Cecilia Ekbäck was born in Sweden, in a small northern town. Her parents come from Lapland. Ekbäck now lives in Calgary with her husband and twin daughters, “returning home” to the landscape and the characters of her childhood in her writing. Wolf Winter is her first novel.

ekbackWhat background–literary or personal–led you to this subject matter?

A wolf winter is a very cold, very bitter winter. But in Sweden, it is also the period in life when you’re faced with your mortality, when you realize that you’re alone–an illness, or the loss of a loved one or something like that, when you come face to face with death, and feel very lonely. Where you have to face sides of yourself that you didn’t know that you had, that you like less, or things that you haven’t dealt with. I wrote this book after my own wolf winter, which was when my dad passed, from cancer. He was my best friend. That was the time when I had to do a lot of soul-searching, when I had to do a lot of thinking through what I wanted to do with the rest of my life and what I was going to do with the enormous space that he left after himself. The book sort of came out of that. I wanted to take a number of characters and have them walk through their wolf winter, if you like, both literally, with the cold and the winter and the snow and the hunger and so on, but also emotionally.

The book switches perspectives slightly between several characters. What led you to that strategy?

Society in those days was very compartmentalized, so I knew that I wanted the main character to be a woman. When we read history, there’s so little about women. I wanted to write women back into that period. And I felt you had to have a few different views to get access, for example, to the church. Maija was always there; and then I felt that her character did not let her easily get involved in the more emotional or spiritual side of Blackåsen, so I let her daughter do that. And then I felt that we needed the priest to get access to the church and to the crown.

Was there a character you felt closest to?

Well… I like them all. But I like Maija and the priest very, very much. Frederika felt… a little bit close to home. I grew up in a very religious environment, and I just felt she came a little bit close to home, so I liked her less! But I was very, very fond of the priest and of Maija.

Are there heroes and villains in this story?

I think there are more strengths and weaknesses. You could say that there are certainly villains. But I guess what I wanted them to be was thoroughly human. So nobody, I don’t think, is straight out one way or straight out another. I wanted to work more with strengths and weaknesses of each character.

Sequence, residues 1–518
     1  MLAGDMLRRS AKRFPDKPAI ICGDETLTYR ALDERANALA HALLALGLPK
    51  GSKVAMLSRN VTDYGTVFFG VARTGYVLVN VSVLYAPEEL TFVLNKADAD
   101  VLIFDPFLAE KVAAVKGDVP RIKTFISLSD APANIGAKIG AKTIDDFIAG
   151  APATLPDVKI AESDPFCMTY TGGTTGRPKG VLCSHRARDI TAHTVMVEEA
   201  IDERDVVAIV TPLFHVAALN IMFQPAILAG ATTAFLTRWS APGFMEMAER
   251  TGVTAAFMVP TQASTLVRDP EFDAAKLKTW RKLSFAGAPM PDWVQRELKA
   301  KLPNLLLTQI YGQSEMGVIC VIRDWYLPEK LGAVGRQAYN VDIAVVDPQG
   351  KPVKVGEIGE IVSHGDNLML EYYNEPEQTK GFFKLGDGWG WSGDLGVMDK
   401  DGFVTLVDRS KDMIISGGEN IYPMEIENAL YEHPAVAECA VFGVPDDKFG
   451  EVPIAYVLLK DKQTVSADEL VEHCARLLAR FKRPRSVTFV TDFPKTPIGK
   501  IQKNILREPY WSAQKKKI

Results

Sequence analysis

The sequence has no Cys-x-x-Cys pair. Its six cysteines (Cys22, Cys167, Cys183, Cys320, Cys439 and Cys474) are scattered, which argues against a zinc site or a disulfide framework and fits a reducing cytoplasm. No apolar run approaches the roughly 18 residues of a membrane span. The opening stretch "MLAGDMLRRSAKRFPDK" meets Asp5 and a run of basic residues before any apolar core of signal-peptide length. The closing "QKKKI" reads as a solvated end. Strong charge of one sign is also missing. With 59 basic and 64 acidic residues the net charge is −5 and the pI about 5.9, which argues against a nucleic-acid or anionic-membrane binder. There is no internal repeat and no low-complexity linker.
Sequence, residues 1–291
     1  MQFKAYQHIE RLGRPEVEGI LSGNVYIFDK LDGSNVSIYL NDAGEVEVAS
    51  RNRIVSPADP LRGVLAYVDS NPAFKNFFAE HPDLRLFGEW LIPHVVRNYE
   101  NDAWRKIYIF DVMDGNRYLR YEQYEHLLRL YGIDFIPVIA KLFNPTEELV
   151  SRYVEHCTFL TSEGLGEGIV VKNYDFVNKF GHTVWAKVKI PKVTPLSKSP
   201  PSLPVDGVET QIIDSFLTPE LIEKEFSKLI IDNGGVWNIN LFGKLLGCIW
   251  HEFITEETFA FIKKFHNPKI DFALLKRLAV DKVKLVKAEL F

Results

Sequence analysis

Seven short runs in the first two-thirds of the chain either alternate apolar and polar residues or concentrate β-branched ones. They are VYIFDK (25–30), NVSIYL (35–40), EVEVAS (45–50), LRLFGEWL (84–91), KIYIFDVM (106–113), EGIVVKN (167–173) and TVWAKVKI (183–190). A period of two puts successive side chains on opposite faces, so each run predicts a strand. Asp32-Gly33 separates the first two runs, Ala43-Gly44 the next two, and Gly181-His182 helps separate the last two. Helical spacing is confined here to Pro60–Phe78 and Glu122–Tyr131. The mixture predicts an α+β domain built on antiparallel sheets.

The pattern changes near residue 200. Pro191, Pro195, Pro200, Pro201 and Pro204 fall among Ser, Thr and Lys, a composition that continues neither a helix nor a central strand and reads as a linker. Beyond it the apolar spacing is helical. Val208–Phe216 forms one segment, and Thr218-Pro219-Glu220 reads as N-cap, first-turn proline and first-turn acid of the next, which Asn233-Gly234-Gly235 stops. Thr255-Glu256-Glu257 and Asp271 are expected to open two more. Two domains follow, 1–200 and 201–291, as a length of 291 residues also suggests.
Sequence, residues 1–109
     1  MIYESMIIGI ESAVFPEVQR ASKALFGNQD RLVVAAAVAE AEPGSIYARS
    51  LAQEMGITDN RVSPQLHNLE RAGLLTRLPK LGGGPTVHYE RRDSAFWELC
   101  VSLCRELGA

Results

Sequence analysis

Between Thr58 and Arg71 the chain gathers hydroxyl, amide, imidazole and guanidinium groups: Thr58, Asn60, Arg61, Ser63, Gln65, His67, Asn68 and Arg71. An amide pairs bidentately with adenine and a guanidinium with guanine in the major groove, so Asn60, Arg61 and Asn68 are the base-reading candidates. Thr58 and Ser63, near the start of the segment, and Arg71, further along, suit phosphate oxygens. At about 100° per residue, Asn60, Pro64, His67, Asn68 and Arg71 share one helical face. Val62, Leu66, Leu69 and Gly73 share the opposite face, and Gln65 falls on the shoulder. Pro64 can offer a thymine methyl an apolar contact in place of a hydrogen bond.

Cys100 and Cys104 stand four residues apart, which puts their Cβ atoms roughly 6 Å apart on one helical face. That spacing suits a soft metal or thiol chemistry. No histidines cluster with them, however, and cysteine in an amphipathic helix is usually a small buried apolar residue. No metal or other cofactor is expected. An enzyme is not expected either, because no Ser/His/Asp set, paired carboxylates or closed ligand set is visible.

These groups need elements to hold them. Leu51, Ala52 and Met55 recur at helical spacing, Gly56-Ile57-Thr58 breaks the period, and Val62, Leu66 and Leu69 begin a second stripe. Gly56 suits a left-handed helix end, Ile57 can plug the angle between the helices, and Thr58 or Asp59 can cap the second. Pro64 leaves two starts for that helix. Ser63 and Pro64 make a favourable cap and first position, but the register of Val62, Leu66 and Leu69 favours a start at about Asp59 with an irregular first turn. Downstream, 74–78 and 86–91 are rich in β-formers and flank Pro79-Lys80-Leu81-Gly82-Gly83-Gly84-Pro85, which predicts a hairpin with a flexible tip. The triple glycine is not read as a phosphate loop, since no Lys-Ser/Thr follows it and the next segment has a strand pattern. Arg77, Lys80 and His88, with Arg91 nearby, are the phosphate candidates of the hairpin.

What kind of research did you do to evoke 1700s’ Sweden?

I read lots. I’m not a historian, and I get uncomfortable when people say this is a historical novel, because I know that I don’t have my education in that field–I have a terrible memory, and very poor attention to detail. It’s a story set in the past, is how I think about it.

I read everything I could find. In northern Sweden, very often when a town celebrates 200 years or 300 years, they publish a book. Those books are only locally published, and they give the history of the place and lots of anecdotes and so on. I worked a lot with books like that. Then, one of the most important things I did was interviews with my grandmother, her sister and their friends. Even though the story happened way earlier, Lapland didn’t actually change that much until after the Second World War. My grandmother used to say they lived like people had lived in all times. And then, one day to another, they went from shoes that they had made themselves to buying high-heeled shoes in the shop. It was a shock to everyone. It was like when falls a meter of snow and you wake up and you go out and you think, this is not my world! I recognize certain things, but not many others…. So, I spoke a lot to them about the practical details, how they cooked, how they shepherded goats, how the cold was, how the houses were, and I imagined that a lot of it wouldn’t have been that different. Because a lot of this sort of knowledge was passed down through generations–the way you did laundry, the way you worked with nature and so on. So that was really, really important for the practical life of the settlers. And I spoke to a lot of priests, but that was more to understand the faith of the state church as was in that time.